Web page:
Table 1. Pros and cons of labor unions, StudySmarter Originals

    A large movement like the labor movement does not happen overnight. It can take decades for workers to organize themselves, come up with agreements amongst each other, negotiate with companies, and come to an understanding that both sides can agree to. These demands are also ever-evolving to keep up with modernization and technological advances.

    Labor movements can be broken into trade union movements and political labor movements. Trade union movements are made up of workers who want improved working conditions, higher wages, and better benefits. Political labor movements are political parties that represent workers' interests through political activism.

    Labor Reform Movement

    The goal of a labor reform movement is to give workers better working conditions, increase their pay, and provide better working hours, but why were these things necessary?

    Poor working conditions were mainly caused by poor or nonexistent safety regulations. Lack of regulation meant that workers were often subjected to dangerous working environments where they risked injury and even death. In cases where workers were seriously injured or killed, there was no responsibility taken by the employer for the damage suffered by the victim or their families.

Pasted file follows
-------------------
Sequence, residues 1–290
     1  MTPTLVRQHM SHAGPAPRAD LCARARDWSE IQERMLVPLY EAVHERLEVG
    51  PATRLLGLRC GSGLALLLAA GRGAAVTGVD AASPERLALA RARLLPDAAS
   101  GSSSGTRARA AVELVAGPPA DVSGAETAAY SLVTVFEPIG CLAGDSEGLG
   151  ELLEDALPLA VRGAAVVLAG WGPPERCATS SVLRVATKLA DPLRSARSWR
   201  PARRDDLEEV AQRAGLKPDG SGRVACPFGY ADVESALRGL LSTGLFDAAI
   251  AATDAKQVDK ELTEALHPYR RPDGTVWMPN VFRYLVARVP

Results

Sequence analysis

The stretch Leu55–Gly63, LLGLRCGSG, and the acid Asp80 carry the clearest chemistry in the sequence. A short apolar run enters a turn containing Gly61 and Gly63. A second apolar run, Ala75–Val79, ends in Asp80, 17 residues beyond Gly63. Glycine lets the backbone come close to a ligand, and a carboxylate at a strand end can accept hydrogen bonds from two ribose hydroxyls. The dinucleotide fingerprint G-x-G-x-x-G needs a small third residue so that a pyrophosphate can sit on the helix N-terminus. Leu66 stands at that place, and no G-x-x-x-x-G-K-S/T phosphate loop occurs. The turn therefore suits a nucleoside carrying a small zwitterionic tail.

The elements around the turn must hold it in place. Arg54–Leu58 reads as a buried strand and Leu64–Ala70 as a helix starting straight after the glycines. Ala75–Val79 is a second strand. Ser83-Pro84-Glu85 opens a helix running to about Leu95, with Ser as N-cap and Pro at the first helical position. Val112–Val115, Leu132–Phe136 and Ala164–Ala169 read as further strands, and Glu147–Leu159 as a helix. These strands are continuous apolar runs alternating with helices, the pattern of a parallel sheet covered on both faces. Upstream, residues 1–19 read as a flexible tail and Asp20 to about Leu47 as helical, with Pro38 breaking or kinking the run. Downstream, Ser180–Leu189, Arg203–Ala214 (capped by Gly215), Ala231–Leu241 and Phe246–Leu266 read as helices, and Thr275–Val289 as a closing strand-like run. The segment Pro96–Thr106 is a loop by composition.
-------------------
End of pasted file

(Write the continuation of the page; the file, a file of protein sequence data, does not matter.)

When a worker was injured on the job and could no longer work, there were no other options for them to earn an income, which meant they had to rely on other family members, like their children, to earn money. A solution to this issue was worker pensions and survivor benefits paid out to widows in case of their husband's death.

    Workers were also at the mercy of their employers and had to accept the wage rate offered. If a worker wanted a higher wage, the firm could simply replace them with someone willing to accept the lower wage. This kept wages depressed and workers often had to work many extra hours to make enough money to feed their families. During the Great Depression between 1929 and 1933, the average hourly wage in the manufacturing industry dropped by nearly 58%.1 The labor reform movement also set out to limit the amount hours laborers could work. The Fair Labor Standards Act of 1938 set the 40-hour work week and classifies anything over that as overtime.2

    It also set the first minimum wage and established the benchmark of time-and-a-half pay for any overtime. Be this, especially during the Great Depression, it was not unusual for manual laborers to work upwards of 12 hours straight for 6 days per week without any regulatory protection to limit how much employers could work them.